Find your car using more petrol or diesel than it should? Try these tips to lower your fuel consumption

Find your car using more petrol or diesel than it should? Try these tips to lower your fuel consumption

Fuel-saving tip 1: Optimise your driving style

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Accelerate briskly, shift up in good time (at an engine speed of approx. 2000 rpm) and maintain the selected speed at low revs. Only shift down if the engine bucks or starts to hum.

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Read and follow the tips in your car’s owner’s manual and also keep an eye on the fuel consumption and gear shift indicator.

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Fuel-saving tip 2: Drive with foresight

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Braking wastes energy. Therefore, use the engine braking effect for as long as possible. Don’t take your car out of gear when approaching a red light. Most cars are equipped with an overrun cut-off that completely shuts off the fuel supply when overrun.

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Take your foot off the accelerator early and let the car roll towards a town, for example, for the last few hundred metres with the gear engaged, instead of braking abruptly just before it.

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Fuel-saving tip 3: Avoid short journeys

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A car consumes the most fuel when the engine is cold. In order to run smoothly, at least the petrol engine needs a richer mixture (with a higher fuel content) during the warm-up phase than at optimum operating temperature.

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For short journeys, it is, therefore, better to switch to a bicycle or combine several individual journeys into one longer trip. In winter, you should avoid warming up the engine while stationary – it is forbidden, pollutes the environment, costs extra fuel and damages the engine.

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Fuel-saving tip 4: Switch off the engine when idling

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As soon as the engine is running, it consumes fuel – even when the vehicle is not moving (about 0.5 to 1 litre per hour). Therefore: Switch off the engine if the idling time is expected to be longer than 20 seconds! This is even mandatory at level crossings.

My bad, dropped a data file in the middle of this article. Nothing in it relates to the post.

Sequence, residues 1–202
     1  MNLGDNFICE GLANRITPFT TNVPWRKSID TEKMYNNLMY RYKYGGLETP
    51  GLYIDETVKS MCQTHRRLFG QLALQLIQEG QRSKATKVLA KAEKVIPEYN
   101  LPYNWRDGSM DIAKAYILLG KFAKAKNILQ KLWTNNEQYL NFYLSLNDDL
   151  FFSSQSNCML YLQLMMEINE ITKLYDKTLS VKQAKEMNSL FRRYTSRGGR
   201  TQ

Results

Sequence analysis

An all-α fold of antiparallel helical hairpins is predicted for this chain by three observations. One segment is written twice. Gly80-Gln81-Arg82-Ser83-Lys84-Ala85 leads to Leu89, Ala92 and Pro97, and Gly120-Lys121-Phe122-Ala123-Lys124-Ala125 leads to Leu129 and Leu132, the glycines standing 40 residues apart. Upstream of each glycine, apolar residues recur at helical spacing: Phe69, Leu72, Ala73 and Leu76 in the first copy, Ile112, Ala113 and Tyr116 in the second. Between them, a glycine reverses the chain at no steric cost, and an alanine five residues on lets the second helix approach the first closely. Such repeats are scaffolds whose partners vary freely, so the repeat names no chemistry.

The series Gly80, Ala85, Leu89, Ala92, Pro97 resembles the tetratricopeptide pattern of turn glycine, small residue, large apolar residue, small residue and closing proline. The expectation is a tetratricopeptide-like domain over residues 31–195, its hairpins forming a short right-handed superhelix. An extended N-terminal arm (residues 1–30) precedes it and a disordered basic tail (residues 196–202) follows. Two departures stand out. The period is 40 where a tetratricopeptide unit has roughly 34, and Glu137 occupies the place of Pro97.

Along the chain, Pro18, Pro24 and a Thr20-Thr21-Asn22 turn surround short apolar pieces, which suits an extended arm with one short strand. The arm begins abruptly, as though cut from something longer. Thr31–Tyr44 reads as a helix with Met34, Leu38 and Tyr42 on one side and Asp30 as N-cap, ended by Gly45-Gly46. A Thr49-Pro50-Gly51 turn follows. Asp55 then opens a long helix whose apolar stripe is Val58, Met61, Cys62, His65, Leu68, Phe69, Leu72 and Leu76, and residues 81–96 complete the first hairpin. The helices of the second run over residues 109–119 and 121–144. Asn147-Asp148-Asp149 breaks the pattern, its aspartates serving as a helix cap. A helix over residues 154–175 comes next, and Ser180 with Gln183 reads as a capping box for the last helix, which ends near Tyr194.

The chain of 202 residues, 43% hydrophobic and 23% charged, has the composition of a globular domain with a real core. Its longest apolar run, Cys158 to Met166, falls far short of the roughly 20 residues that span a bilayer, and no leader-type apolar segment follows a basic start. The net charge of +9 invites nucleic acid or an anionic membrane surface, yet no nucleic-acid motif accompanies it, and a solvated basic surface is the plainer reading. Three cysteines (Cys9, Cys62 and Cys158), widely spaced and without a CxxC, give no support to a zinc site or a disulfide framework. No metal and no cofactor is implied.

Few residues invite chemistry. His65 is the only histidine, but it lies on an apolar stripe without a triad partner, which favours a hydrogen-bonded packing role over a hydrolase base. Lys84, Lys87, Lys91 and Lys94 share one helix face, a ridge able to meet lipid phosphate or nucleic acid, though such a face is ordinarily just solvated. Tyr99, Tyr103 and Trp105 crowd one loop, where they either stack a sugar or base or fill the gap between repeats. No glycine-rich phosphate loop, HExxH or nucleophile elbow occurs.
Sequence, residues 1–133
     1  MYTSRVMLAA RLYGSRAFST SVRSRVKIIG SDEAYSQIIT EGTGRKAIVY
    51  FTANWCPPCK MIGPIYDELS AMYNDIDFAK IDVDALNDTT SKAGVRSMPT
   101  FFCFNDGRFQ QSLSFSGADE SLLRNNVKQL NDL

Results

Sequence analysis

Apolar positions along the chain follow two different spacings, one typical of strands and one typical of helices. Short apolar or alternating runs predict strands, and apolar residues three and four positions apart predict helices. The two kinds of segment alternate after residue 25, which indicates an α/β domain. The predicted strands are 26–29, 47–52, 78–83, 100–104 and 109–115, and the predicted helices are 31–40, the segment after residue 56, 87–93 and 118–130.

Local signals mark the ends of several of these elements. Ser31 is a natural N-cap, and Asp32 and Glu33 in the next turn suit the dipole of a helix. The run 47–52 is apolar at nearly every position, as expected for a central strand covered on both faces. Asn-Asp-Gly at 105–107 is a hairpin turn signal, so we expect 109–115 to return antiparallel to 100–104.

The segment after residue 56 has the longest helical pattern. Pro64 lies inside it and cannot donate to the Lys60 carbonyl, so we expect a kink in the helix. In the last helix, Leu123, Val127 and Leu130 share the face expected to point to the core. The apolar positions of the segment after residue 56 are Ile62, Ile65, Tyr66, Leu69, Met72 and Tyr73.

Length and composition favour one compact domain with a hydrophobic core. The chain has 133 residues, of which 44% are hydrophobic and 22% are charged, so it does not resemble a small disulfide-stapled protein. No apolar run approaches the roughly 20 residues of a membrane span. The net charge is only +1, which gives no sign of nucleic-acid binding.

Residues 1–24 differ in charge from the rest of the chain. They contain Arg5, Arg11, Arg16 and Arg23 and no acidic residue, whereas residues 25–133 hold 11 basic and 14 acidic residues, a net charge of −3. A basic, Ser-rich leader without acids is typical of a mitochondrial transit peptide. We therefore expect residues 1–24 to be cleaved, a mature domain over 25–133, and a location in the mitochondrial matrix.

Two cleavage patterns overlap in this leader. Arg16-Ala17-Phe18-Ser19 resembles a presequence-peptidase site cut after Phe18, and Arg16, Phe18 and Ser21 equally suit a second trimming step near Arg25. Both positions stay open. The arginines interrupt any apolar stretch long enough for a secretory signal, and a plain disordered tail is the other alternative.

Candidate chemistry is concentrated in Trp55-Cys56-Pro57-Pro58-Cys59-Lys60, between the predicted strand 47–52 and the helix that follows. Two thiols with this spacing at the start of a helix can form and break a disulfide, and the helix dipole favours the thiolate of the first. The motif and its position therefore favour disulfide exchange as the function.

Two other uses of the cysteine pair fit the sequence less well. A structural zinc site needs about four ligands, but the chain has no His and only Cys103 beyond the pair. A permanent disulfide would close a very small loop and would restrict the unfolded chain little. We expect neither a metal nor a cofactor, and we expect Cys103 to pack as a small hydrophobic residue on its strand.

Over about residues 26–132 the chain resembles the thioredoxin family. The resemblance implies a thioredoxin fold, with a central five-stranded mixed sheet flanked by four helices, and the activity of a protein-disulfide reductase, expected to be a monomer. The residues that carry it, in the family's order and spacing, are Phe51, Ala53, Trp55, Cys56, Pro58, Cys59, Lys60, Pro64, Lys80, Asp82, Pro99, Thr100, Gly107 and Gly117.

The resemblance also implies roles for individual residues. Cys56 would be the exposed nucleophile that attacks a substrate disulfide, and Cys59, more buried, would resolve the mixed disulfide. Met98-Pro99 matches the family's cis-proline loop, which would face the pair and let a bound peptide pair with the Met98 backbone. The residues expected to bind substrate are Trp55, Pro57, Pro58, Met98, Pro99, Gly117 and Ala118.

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If you do not have an automatic start-stop system, you can also turn the key yourself. According to our findings, this additional load on the starter motor and battery is negligible, especially when the engine is warm.

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Fuel-saving tip 5: Switch off unnecessary electrical consumers

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Electrical devices in the car, such as control units, lighting, fans, air conditioning, safety and comfort devices draw their energy from the on-board power supply. The electrical energy is provided by the generator, which is driven by the combustion engine. Consequently, electrical devices and other consumers that are switched on cost fuel.

Read also: 5 Easy Ways to Clean Silver Rings At Home

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Unlike driving resistance, the electrical energy requirement does not depend on the distance travelled or the speed, but on the time, i.e. the duration of use.

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For example, depending on the vehicle model, technology and operating conditions, an air-conditioning system leads to additional consumption of about 0.3 to 1.5 litres of fuel per 100 kilometres.

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A parking heater costs about 0.2 to 0.5 litres of extra fuel per hour.

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Sensible use of these extras is good because a pleasant interior climate keeps the driver comfortable. However, so that the fuel bill does not become too high, you should limit the periods when the heater is switched on to what is necessary.

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By the way: Open side windows or sunroofs impair the airflow against the outer skin and can therefore also cost fuel. Windows open on both sides at 100 km/h, for example, result in about 0.2 litres more fuel consumption. Only at low speeds – in city traffic, for example – can open windows, therefore, bring a significant fuel consumption advantage over air conditioning.

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Fuel-saving tip 6: Reduce the load and thus the overall weight

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Whether it’s a road atlas, crates of drinks or various odds and ends: every extra item in the car means more weight and costs fuel. The reason for this effect is the so-called mass inertia, i.e. the energy input required to accelerate a mass to a higher speed.

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Are you experiencing lower fuel efficiency than previously? This could be a sign that there is an issue with your engine or other parts of the car. Make sure your vehicle is regularly serviced and inspected by a service professional. It is also worth investing in a car warranty – for the best car warranty UK shop around online to make sure you get the best deal for your circumstances.

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